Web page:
Полезная информация

UNIX Power Tools

UNIX Power ToolsSearch this book
Previous: 17.14 Searching for Files by Size Chapter 17
Finding Files with find
Next: 17.16 Searching by Owner and Group
 

17.15 Searching for Files by Permission

[If you aren't comfortable with octal numbers and the way UNIX uses them in file permissions, article 1.23in is good background reading. -JP]

find can look for files with specific permissions. It uses an octal number for these permissions. The string rw-rw-r-- indicates that you and members of your group have read and write permission, while the world has read-only privilege. The same permissions are expressed as an octal number as 664. To find all *.o files with the above permissions, use:

% find . -name \*.o -perm 664 -print

To see if you have any directories with write permission for everyone, use:

% find . -type d -perm 777 -print

The examples above only match an exact combination of permissions. If you wanted to find all directories with group write permission, you want to match the pattern --w--. There are several combinations that can match. You could list each combination, but find allows you to specify a pattern that can be bit-wise ANDed with the permissions of the file. Simply put a minus sign (-) before the octal value. The group write permission bit is octal 20, so the following negative value:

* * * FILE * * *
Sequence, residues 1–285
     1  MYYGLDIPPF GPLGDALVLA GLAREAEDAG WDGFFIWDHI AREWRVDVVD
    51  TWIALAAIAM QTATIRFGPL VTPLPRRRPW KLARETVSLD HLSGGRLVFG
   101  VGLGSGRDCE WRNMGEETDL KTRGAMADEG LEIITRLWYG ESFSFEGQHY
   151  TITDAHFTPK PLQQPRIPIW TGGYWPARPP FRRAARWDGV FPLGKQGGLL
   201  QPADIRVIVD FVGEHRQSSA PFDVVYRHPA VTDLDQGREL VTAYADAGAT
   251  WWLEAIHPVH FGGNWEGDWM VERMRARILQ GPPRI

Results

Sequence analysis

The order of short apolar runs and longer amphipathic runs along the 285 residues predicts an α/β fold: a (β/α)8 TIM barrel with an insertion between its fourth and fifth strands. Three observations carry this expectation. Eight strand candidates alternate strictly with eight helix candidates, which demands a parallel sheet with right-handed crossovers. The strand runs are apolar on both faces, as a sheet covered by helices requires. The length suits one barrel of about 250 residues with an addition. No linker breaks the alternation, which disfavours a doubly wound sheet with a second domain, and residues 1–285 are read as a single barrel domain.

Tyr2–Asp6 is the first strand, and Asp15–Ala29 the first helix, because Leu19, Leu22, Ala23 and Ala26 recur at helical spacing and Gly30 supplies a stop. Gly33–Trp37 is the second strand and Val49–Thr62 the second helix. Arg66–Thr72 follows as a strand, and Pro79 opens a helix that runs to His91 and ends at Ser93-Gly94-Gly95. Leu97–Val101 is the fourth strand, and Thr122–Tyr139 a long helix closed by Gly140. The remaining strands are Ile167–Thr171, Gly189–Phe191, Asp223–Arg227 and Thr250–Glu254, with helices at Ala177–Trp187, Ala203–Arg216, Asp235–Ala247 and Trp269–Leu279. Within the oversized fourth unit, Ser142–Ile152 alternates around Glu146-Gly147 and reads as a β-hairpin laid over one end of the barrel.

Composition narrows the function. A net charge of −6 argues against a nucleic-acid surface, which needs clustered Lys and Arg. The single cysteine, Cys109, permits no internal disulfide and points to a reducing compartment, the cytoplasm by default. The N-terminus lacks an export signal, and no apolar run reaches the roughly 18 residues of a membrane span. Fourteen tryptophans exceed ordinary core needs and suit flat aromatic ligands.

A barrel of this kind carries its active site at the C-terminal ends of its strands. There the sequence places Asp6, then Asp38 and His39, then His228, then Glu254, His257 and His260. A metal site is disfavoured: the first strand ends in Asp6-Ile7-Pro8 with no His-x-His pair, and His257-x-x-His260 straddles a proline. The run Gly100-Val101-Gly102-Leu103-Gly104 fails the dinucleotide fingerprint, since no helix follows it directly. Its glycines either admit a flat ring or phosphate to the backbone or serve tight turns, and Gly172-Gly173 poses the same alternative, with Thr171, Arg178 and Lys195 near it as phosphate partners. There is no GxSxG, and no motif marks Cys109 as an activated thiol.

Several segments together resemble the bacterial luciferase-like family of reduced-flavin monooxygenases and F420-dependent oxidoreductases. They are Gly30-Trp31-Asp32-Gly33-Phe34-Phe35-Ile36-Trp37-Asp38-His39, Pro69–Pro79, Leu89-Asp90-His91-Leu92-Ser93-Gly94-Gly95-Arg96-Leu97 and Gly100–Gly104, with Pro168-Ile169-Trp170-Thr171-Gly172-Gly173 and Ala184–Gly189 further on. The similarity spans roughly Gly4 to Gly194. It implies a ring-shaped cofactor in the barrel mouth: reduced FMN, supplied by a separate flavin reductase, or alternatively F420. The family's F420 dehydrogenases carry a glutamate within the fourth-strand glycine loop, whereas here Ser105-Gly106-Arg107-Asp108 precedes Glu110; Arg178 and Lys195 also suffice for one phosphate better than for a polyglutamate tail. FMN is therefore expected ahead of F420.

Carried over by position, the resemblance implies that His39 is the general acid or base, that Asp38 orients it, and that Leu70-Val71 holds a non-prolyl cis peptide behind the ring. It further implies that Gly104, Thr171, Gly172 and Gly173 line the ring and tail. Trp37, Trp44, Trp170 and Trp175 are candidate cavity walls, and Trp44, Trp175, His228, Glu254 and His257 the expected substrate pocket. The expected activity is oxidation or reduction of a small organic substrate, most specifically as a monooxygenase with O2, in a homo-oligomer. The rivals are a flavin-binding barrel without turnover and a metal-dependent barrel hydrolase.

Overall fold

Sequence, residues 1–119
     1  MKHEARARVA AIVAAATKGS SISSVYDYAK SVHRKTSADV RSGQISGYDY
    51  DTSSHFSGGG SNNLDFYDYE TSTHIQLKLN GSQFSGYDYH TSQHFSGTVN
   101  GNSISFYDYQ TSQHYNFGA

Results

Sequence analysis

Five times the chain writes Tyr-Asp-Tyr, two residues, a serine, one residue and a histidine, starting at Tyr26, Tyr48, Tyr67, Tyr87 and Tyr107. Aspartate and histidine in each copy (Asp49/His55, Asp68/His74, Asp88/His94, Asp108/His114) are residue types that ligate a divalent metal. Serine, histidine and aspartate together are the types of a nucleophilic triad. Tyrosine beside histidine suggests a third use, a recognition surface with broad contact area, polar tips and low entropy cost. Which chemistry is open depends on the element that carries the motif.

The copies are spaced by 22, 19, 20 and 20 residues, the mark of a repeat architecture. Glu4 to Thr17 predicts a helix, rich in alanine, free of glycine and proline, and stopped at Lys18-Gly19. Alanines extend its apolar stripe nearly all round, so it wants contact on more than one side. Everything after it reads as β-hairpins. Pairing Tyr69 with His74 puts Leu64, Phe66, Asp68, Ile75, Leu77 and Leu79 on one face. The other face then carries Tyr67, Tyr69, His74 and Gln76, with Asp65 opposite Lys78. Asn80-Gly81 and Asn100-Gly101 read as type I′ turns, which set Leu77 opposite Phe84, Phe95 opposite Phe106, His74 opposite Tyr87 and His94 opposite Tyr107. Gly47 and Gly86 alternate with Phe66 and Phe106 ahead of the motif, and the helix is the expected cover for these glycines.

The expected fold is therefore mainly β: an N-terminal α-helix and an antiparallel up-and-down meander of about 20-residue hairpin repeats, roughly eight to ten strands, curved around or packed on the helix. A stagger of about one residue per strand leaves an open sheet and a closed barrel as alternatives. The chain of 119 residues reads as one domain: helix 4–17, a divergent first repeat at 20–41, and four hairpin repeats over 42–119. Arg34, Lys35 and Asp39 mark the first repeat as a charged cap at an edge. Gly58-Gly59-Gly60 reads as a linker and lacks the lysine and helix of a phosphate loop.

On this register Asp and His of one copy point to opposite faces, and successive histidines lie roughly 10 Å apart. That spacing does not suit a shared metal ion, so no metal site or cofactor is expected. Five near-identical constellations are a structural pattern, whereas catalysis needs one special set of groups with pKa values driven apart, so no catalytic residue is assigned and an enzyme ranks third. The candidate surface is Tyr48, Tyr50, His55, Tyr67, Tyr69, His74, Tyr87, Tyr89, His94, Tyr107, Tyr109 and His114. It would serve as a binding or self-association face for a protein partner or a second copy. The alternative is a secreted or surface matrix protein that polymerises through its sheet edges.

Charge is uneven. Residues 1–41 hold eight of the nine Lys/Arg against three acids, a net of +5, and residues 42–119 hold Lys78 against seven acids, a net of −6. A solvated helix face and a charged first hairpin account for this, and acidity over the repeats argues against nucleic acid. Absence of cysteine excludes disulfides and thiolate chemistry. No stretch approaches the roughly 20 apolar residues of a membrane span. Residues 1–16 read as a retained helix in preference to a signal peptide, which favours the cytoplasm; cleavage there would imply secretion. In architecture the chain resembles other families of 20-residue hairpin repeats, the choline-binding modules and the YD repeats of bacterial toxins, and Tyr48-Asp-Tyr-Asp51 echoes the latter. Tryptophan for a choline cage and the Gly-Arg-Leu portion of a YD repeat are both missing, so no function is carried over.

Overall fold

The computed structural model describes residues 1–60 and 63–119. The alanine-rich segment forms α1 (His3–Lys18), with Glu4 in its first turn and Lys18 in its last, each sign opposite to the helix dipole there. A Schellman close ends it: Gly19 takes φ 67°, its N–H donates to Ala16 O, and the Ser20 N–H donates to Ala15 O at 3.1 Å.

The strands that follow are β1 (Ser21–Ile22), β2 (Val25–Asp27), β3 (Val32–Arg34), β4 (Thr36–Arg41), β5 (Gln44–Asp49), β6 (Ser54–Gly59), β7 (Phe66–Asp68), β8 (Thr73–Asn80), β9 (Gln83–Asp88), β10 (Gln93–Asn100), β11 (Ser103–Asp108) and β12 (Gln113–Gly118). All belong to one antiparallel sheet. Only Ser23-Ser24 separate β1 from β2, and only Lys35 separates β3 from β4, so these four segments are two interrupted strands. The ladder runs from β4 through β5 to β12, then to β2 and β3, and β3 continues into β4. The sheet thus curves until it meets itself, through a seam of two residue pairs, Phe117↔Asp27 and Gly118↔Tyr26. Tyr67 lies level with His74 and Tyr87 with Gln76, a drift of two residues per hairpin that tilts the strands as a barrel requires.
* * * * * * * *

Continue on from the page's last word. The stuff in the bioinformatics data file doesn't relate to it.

% find . -perm -20 -print

will match the following common permissions:

PermissionOctal Value
rwxrwxrwx777
rwxrwxr-x775
rw-rw-rw-666
rw-rw-r--664
rw--rw----660

If you wanted to look for files that you can execute (i.e., shell scripts or programs), you want to match the pattern -x--- by typing:

% find . -perm -100 -print

When the -perm argument has a minus sign, all of the permission bits are examined, including the set user ID bits (1.23).

- BB


Previous: 17.14 Searching for Files by Size UNIX Power ToolsNext: 17.16 Searching by Owner and Group
17.14 Searching for Files by Size Book Index17.16 Searching by Owner and Group

The UNIX CD Bookshelf NavigationThe UNIX CD BookshelfUNIX Power ToolsUNIX in a NutshellLearning the vi Editorsed & awkLearning the Korn ShellLearning the UNIX Operating System